Named Deep Impact, a new NASA spacecraft will meet with comet Tempel 1 in July, 2005. Once the probe catches up with the comet, it will fire a 1,100-pound copper bullet at the nucleus, blasting out an enormous crater. It will then close within 300 miles of the surface to survey the damage.

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X-38 Tests Continue

The International Space Station’s X-38 Crew Return Vehicle prototype was tested again at the Dryden Flight Research Center at Edwards, California. Designed to ensure the crew of the ISS can safely return to Earth in case of an emergency, the X-38 was test-dropped from an altitude of 31,500 feet. More tests from higher altitudes are planned.

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Astronaut Dies in Motorcycle Crash

Charles “Pete” Conrad Jr., the third person to walk on the surface of the moon, was killed in a motorcycle accident on Thursday. He was riding with his friends when he crashed going around a turn, and died later in the hospital.

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Space News for July 8, 1999

Impact Created Chesapeake Bay 35 Million Years Ago

Researchers have confirmed that Chesapeake Bay, on the Eastern Coast of the United States, was created when a massive object 2-3 miles across slammed into the Earth 35 million years ago. The impact was so powerful that it carved out a crater 56 miles across, and sent 2000 feet tsunami hurtling across the ocean.

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Meteor Explodes over New Zealand

A meteor the size of car exploded over a remote part of New Zealand’s North Island on Thursday. The object cast an eerie blue glow, generated a sonic boom detectable by seismic equipment, and rained fragments over the landscape. There were no reports of injuries.

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Chandra Launch Date and Time Confirmed

NASA officials have cleared the Chandra X-Ray Observatory for launch on board the space shuttle Columbia on July 20th at 12:36am. Chandra will be the most powerful X-ray telescope ever launched.

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New Information Gathered on Solar Winds

New measurements from satellites have determined that particles from the sun hurtle away from the star at twice the velocity previously thought. Moving at two million miles an hour, the particles ride a magnetic wave that emanates from the sun.

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Space News for July 7, 1999

Satellite Crash Halts Launches from Cosmodrome

Yesterday’s crash of a Russian military satellite has caused the Russian space officials to temporarily delay all launches from the Baikonur cosmodrome until they can determine what happened. Launched on board a Proton-K booster, the satellite crashed in eastern Russia, including a 200kg chunk in villager’s garden.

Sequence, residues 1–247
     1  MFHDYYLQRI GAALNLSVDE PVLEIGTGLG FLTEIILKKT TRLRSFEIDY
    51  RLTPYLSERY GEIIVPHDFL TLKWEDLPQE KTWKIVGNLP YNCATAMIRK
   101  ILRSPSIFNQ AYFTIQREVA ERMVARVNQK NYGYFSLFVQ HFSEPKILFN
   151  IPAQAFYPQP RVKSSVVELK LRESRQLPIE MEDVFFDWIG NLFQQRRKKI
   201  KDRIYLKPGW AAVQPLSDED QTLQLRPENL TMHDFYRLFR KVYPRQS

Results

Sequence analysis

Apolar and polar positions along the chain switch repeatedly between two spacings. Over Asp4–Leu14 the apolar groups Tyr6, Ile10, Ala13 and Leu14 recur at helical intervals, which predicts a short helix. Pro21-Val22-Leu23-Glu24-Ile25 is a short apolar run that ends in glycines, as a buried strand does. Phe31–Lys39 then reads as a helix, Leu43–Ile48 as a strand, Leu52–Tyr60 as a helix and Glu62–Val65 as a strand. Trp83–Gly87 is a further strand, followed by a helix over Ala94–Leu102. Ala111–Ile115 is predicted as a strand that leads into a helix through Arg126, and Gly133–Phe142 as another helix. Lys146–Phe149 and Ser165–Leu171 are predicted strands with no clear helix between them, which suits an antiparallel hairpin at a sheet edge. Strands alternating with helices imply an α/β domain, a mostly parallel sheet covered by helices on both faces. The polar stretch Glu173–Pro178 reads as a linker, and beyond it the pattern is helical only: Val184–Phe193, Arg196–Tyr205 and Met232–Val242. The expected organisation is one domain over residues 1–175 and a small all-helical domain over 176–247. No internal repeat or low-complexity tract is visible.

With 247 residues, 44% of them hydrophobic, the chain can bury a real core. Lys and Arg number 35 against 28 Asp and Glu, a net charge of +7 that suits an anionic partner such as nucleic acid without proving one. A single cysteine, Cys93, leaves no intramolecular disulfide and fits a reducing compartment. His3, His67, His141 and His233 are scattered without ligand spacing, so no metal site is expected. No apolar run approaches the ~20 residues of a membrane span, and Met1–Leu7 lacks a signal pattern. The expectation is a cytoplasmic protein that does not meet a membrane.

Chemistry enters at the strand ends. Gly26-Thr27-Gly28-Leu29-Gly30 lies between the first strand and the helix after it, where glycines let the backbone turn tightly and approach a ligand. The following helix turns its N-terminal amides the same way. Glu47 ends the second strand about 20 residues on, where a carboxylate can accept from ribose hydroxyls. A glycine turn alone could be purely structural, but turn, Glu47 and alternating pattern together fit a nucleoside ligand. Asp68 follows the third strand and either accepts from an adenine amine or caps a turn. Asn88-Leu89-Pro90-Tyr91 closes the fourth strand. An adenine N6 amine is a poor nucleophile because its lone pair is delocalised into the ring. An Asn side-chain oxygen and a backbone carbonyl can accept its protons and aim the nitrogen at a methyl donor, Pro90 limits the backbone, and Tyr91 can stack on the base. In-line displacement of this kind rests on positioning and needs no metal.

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Next Globalstar Satellites Prepared for Launch

The next four Globalstar satellites are being prepared for launch Thursday on board a Boeing Delta 2 rocket from Cape Canaveral Air Station. The network already has 24 satellites in orbit, and officials say they’re operational, and ready to begin transmitting.

Florida Today

NASA Engineers Working on Space Station Patch

Recently discovered micrometeorite damage to the Hubble Space Telescope has proven how vulnerable the much larger International Space Station will be to punctures. NASA is investigating technologies that will allow astronauts to quickly repair punctures and ensure the ISS maintains its pressure.

Space Daily

Space News for July 6, 1999

[email protected] Hacked

The [email protected] website was hacked over the weekend with the homepage replaced with a picture of TV’s Alf. The hacked page was up for about 5 hours before it was returned to normal.

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Surveyor Finds Dust Devils on Mars

The Mars Global Surveyor has found a number of unusual features on Mars including what appear to be dust devils, and sweeping sand that fills in craters. The dust devils can rise 8 km high, and leave tracks in the sand that looks as if it was caused by a vehicle driving across the landscape.

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Russian Satellite Disappears from Radar

Shortly after takeoff, and Russian military satellite stopped responding to signals from mission control in Khrunichev, and quickly all communications signals from the satellite were lost. It’s suspected that the satellite probably fell from orbit into the Altai region of Siberia.